ST. LOUIS – Authorities in Southern Illinois urged residents living behind the Len Small levee to move to higher ground after Mississippi River water topped it.
The levee in the far southwestern tip of Illinois protects the towns of Olive Branch, Hodges Park, Unity and rural homes. All told, about 500 people live behind the levee.
Alexander County Board Chairman Chalen Tatum said the river was expected to rise another foot and a half before cresting Sunday, so flooding was expected to get much worse. He issued what he called an emergency evacuation order Friday.
The county also urgedresidents in and near East Cape Girardeau, Illinois, to evacuate. The move is precautionary: A levee there is holding for now but a record crest is predicted.
Crests are still expected in coming days in southern Missouri, Arkansas, Tennessee and other southern states.
But elsewhere, water from the rare, record-setting winter flooding was receding in the St. Louis area, allowing some major roadways to reopen and offering hope for flood-weary residents that the worst of this sudden catastrophe was behind them.
With water finally going down, the Missouri Department of Transportation was able to reopen northbound lanes of Interstate 55 south of St. Louis on Thursday, about a day after they were closed, and southbound lanes opened Friday morning.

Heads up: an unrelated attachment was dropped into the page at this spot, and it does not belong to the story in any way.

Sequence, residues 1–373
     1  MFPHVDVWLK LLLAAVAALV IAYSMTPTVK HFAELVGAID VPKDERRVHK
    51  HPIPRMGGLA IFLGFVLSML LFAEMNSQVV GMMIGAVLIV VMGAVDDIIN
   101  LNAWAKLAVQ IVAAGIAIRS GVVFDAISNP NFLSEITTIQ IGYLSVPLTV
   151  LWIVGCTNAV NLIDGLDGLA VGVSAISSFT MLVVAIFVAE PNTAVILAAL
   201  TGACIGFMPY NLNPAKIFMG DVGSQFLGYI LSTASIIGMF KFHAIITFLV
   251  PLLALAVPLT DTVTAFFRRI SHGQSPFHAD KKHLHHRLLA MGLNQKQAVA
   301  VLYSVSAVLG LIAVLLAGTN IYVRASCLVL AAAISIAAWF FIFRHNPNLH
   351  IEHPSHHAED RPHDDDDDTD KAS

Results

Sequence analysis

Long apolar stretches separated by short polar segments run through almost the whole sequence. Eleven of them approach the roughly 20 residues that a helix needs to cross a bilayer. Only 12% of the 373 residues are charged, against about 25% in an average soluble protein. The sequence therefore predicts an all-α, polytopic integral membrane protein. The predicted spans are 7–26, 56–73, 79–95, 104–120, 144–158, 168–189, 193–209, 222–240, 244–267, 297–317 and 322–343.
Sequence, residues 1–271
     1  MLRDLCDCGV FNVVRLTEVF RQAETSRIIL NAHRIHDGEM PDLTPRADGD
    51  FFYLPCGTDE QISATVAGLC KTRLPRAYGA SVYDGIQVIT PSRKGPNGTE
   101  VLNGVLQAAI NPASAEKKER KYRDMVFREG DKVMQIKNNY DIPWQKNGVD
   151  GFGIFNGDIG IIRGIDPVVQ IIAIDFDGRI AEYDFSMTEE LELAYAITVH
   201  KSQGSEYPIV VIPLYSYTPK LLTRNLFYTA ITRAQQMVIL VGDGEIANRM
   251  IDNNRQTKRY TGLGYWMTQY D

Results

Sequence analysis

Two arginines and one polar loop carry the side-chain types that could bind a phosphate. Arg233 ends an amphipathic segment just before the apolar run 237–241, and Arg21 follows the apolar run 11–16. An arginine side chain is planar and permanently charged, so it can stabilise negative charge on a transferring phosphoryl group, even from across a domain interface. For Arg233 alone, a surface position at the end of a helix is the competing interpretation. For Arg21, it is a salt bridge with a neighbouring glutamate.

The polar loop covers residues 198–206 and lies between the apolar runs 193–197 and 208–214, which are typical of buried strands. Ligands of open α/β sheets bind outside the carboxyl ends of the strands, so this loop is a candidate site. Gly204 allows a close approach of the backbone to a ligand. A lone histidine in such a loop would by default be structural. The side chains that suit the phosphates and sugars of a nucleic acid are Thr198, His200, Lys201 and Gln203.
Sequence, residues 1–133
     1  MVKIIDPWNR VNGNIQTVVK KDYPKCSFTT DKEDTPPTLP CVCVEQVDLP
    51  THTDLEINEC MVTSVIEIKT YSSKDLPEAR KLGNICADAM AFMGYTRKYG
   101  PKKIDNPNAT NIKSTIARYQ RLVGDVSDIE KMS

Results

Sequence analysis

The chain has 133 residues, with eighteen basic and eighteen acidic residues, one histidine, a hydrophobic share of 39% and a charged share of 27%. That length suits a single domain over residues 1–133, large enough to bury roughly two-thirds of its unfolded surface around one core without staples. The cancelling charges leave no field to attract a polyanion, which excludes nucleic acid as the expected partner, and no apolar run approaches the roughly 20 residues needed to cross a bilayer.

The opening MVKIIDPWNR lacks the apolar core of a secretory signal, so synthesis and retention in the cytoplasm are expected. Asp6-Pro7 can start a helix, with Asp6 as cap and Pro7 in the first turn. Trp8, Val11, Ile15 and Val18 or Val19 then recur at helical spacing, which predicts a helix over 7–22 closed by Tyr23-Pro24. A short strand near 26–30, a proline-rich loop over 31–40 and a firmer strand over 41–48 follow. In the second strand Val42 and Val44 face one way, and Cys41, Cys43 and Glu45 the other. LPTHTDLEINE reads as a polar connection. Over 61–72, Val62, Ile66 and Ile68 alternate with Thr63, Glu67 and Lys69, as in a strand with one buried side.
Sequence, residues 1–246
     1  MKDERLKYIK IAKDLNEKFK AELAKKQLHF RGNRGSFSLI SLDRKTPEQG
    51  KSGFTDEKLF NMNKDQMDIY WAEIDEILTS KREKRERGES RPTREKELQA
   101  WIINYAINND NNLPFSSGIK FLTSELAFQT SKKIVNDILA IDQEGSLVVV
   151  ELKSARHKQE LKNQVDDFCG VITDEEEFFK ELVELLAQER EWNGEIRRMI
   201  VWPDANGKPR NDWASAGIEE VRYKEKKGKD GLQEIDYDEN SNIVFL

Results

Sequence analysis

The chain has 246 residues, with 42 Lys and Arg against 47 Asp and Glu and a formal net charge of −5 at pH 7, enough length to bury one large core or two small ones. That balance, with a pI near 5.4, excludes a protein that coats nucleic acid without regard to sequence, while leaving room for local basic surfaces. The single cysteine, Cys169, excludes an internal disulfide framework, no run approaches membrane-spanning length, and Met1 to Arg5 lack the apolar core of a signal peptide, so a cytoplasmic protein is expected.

Interstate 44 was also opened in both directions, and all interstates in Missouri are now open to traffic, the Missouri DOT said.
MoDOT spokeswoman Shaunda White said 76,000 vehicles pass through that area on a typical day, "so that's going to be a significant relief."
The devastating flood, fueled by more than 10 inches of rain over a three-day period that began last weekend, is blamed for 20 deaths. Four other people are still missing — two teenagers in Illinois and two men in southwest Missouri.
In Ste. Genevieve, Missouri, south of St. Louis, the Mississippi was still rising but there was good news: The crest forecast for late Friday or early Saturday, once expected to be a record, was now expected to fall about 2 feet short of the 1993 mark. Many downtown merchants had cleared out, just to be on the safe side, in case the levee gave way.
"We are breathing a bit easier," said Sandra Cabot, director of tourism for the historic French settlement that dates to the 18th century. "We are very confident in our levee. We've never been tested at this level before."
Nine levees — five on the Mississippi River, three on the Missouri and one on Illinois' Kaskaskia River — were topped by water this week, but those earthen barriers protect farmland and otherwise unpopulated areas.